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Mechanics Lien Release—Do You Also Need a Settlement Agreement?

 In Mechanic’s Lien Law Updates and News

You have filed a mechanics lien and put pressure on the owner or general contractor.  Happily, payment has been made in full and you are prepared to sign, notarize, and have recorded a mechanic’s lien release.  But should you go the extra mile and also prepare an overall settlement agreement?

That is a good idea.  The mechanics lien release simply cancels from record the mechanic’s lien.  Actually, it is not erased—it merely evidences discharge.  Therefore, it relates solely and exclusively to the payment obligation on your contract.  That is all.

Assume you are a subcontractor and have now been paid. But later, the owner sues the general contractor for incomplete or allegedly defective work representing your portion of the project. The general contractor than cross- complains against you for indemnity. But you wanted to walk away from the entire transaction after payment on the mechanics lien. Now you are stuck in the middle of a lawsuit.  A mutual settlement agreement would prevent this.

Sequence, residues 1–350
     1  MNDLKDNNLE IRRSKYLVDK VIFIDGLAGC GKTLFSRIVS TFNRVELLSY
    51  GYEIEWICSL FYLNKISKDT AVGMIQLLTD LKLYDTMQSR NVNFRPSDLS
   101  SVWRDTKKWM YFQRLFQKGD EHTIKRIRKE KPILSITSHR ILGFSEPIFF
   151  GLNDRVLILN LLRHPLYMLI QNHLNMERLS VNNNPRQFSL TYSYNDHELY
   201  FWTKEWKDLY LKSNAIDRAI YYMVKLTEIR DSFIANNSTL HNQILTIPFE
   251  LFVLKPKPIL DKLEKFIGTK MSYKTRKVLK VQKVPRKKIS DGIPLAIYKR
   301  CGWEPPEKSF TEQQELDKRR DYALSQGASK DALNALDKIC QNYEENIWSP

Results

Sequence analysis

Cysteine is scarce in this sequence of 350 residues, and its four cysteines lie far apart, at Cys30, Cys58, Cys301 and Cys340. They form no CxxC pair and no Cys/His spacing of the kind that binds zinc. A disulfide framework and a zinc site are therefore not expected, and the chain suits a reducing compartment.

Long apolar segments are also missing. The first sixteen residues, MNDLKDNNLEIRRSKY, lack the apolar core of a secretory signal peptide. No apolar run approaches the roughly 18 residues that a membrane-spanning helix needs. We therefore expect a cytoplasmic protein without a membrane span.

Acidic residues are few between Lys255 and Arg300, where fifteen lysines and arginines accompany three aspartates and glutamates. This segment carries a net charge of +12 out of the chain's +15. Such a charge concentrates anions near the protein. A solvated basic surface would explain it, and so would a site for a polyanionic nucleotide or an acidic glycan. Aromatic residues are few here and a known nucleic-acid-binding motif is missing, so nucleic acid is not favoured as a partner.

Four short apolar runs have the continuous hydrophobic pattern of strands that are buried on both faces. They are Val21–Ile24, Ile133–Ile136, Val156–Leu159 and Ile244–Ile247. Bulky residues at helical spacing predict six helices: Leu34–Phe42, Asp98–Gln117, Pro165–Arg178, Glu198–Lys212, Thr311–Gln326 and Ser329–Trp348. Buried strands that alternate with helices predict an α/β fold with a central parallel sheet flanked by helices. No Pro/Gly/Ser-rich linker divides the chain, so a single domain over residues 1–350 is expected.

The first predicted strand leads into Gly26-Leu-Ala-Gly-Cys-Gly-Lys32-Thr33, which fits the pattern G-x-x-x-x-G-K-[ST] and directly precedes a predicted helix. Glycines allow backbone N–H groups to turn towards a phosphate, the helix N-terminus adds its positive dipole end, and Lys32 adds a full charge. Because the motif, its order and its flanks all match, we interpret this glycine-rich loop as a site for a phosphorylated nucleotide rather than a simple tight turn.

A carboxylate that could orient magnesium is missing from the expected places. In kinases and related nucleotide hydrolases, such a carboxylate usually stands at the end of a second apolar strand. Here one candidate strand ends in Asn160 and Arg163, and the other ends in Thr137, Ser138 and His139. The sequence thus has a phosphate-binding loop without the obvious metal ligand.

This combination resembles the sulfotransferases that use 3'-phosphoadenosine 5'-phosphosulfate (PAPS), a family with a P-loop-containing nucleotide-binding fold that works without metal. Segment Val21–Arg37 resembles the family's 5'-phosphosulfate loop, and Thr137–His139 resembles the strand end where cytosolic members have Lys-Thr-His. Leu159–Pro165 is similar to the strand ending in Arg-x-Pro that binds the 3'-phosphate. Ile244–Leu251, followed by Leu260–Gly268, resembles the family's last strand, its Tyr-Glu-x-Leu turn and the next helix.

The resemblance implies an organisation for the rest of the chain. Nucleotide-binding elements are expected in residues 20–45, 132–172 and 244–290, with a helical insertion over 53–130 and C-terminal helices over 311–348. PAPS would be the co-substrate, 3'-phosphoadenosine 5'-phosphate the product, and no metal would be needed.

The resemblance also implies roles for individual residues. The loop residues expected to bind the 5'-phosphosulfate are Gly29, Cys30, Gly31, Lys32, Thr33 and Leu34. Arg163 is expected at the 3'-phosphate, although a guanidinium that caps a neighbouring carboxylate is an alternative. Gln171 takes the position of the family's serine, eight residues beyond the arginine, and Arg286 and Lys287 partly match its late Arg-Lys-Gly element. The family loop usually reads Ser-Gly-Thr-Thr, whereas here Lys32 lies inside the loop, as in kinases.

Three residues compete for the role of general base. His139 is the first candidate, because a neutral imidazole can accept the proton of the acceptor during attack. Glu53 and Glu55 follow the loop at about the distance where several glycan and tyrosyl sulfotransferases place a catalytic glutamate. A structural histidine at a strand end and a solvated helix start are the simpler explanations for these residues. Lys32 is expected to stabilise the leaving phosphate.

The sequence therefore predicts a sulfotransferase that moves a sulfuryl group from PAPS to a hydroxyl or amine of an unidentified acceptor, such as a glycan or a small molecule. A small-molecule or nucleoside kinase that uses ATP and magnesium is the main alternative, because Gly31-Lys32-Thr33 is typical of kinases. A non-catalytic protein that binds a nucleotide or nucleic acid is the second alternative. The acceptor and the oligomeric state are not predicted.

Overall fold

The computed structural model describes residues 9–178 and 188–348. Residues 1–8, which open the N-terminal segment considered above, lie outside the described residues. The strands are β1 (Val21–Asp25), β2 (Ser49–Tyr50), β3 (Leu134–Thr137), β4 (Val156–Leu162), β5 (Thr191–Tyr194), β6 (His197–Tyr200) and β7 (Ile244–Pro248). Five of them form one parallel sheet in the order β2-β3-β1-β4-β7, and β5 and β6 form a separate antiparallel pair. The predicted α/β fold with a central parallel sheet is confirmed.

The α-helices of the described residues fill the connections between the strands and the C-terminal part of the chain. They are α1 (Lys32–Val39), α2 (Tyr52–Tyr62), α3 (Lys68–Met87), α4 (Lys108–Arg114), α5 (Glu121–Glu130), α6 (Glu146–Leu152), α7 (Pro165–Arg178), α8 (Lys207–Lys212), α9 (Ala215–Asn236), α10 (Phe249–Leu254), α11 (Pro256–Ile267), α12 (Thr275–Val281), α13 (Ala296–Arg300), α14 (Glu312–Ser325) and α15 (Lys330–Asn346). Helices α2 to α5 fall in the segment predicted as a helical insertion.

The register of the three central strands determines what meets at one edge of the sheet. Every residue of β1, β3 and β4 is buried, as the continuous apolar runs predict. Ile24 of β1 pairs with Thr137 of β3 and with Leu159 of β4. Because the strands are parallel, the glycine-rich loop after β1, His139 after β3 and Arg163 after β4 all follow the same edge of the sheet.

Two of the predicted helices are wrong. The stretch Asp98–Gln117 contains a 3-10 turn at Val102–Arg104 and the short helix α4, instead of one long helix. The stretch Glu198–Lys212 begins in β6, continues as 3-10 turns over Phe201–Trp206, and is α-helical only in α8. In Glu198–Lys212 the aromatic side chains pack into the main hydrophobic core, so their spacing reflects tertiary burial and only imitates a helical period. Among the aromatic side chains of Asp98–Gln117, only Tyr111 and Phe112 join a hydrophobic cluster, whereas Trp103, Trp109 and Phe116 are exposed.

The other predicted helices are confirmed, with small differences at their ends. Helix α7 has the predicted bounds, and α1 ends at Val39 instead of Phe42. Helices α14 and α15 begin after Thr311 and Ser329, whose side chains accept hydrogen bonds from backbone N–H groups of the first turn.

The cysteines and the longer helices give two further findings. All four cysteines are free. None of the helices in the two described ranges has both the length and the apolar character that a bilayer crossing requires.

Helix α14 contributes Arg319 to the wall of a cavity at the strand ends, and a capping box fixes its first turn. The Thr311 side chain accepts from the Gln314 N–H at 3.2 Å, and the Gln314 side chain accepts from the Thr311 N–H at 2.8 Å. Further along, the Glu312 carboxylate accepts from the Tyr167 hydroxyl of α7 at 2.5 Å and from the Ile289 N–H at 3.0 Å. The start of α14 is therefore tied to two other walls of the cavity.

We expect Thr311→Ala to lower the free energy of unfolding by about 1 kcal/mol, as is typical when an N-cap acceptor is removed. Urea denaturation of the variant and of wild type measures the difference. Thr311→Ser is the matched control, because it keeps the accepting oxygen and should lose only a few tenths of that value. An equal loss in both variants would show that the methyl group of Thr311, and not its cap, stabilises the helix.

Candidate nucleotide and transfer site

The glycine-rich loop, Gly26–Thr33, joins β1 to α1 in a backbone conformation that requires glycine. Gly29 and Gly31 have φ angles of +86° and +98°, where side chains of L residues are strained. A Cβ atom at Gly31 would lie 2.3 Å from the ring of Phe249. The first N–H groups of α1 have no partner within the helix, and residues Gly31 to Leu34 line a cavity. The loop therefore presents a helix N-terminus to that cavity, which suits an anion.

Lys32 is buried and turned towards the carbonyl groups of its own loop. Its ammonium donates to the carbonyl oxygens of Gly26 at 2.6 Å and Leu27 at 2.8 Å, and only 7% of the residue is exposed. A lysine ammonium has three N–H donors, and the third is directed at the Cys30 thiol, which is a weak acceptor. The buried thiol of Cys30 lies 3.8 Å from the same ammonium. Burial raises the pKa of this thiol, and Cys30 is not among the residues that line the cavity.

Such an agreement specifies that both parties release their right to bring claims, disciplinary actions, arbitrations, or lawsuits, either affirmatively or by way of cross-complaint, against each other relating to the specific project. This goes one step further than the lien release and gives full protection.

So releasing the mechanic’s lien is only the first step.  It is a good idea to have us also draft a settlement agreement. Call us for details.